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3 Ways to Separate Service Requests from Incidents for Improved Efficiency

06/09/2014 by: The SunView Team

Service request management needs to be a priority in organizations that strive to improve process efficiency in IT. Holistic service request management plans can prove vital in helping technical and non-technical employees handle core work tasks effectively with the help of the service desk to provide core ticketing and activity coordination functionality. However, effectively achieving these benefits hinges on a company separating incidents, problems and changes from other service requests.

Figuring out how to distinguish between incidents and service requests can be difficult, but ITIL does provide some guidance. An ITSM Portal report illustrated this point by explaining that ITIL calls an incident "an unplanned interruption to an IT service or reduction in the quality of an IT service." A service request, on the other hand, represents a broad term that is used to describe any small demand that can be put before the IT department. A password reset is actually a small change, not an incident, and it therefore fits as a service request.

Clearly separating between incidents and service requests can be difficult, but a few ways to achieve this goal include:

1. Invest in Dedicated Management Modules
Implementing a service desk solution that features a combination of service request, incident, problem and change management solutions is necessary when trying to clearly distinguish between the various types of issues that impact business and technology users. The service desk exists to support business users and create value by meeting their needs efficiently.

A service request is designed, in some way, to add new functionality or perform a new task or change, whereas an incident fixes something already in place. Distinct management modules can make it much easier to separate various request types.

2. Educate Users

It is possible to have service desk employees designate a ticket as a service request, incident or problem, but it can also help to get users involved. Educate your employees on the difference between line-of-business and IT service requests and technical incidents and they can categorize the issue when they submit the support ticket. This can prove invaluable in saving time for help desk workers and letting support workers make decisions more effectively. While it is inevitable that some tickets will get misappropriated, having to fix a few tickets is much easier than needing to closely analyze each one.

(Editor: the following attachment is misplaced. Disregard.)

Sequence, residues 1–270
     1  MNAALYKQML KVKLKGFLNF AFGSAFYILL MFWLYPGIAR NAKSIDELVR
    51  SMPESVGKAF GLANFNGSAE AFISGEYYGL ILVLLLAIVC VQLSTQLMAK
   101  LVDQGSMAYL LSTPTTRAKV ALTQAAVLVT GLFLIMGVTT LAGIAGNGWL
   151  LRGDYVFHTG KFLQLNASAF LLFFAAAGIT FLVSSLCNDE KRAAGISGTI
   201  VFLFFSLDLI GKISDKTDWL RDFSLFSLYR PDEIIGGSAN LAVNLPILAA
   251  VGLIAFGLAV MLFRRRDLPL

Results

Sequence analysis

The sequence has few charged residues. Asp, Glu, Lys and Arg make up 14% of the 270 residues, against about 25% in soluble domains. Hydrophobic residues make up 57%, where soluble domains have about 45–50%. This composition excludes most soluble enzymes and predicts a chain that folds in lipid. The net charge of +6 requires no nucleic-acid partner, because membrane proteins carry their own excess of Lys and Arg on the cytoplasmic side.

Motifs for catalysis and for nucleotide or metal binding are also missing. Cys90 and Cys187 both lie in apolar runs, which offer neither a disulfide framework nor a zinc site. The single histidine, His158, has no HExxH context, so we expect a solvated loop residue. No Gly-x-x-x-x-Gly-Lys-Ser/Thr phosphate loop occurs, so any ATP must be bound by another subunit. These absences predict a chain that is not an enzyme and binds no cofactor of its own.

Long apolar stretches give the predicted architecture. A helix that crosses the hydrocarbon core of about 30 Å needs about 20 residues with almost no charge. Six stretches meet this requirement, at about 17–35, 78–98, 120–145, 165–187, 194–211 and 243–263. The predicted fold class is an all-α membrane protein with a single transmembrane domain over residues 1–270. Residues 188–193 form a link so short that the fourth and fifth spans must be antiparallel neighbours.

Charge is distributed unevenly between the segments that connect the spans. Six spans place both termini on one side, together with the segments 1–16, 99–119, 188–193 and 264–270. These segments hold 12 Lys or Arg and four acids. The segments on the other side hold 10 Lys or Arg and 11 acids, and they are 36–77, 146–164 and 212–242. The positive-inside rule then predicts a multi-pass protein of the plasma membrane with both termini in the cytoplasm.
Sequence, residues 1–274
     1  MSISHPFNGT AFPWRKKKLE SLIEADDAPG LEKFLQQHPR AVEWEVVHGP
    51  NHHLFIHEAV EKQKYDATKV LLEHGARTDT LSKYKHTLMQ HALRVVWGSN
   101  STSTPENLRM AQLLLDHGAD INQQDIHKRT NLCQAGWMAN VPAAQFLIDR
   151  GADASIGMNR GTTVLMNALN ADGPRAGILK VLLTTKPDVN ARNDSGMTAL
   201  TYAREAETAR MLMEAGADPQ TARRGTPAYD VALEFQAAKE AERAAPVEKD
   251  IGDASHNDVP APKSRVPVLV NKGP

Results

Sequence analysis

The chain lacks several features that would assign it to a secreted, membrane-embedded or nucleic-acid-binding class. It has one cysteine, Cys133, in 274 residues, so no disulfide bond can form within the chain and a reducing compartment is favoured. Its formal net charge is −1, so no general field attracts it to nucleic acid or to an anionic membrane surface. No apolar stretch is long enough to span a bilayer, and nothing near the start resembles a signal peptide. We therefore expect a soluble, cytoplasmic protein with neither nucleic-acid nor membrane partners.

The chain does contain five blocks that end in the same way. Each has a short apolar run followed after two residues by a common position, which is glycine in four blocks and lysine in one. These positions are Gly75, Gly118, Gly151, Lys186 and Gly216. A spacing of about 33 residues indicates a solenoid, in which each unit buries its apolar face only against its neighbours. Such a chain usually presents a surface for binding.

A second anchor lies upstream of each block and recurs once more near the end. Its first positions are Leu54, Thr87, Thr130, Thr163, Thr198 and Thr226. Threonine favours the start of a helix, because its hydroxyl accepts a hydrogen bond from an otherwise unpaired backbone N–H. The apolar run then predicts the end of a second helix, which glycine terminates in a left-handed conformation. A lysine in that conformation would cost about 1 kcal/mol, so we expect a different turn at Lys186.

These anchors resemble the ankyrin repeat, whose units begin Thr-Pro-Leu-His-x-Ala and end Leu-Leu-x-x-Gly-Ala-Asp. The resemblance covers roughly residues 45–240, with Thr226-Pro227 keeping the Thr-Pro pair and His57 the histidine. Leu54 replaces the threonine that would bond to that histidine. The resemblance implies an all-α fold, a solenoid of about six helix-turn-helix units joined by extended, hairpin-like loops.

3. Get a Dedicated Service Request Management Platform
A service request management module can perform many of the sorting tasks automatically and has tools designed to help support teams quickly identify if a support issue should be categorized as an incident, problem or change request. Being able to differentiate in these areas is vital and a good service request management solution will do much of the heavy lifting for you, allowing you to focus less on tedious organization tasks and more at dealing with the difficult issues that come into the service desk.

Understanding the value of service request management
On the surface it may seem like differentiating between different service tasks is not particularly important. After all, support employees can always forward tickets along to other users as needed, right? Well, that may work on a small scale, but organizations handling large quantities of support requests (which is increasingly common as even small companies become more dependent on IT) can end up having tickets sitting in the support queue for a fairly significant amount of time.

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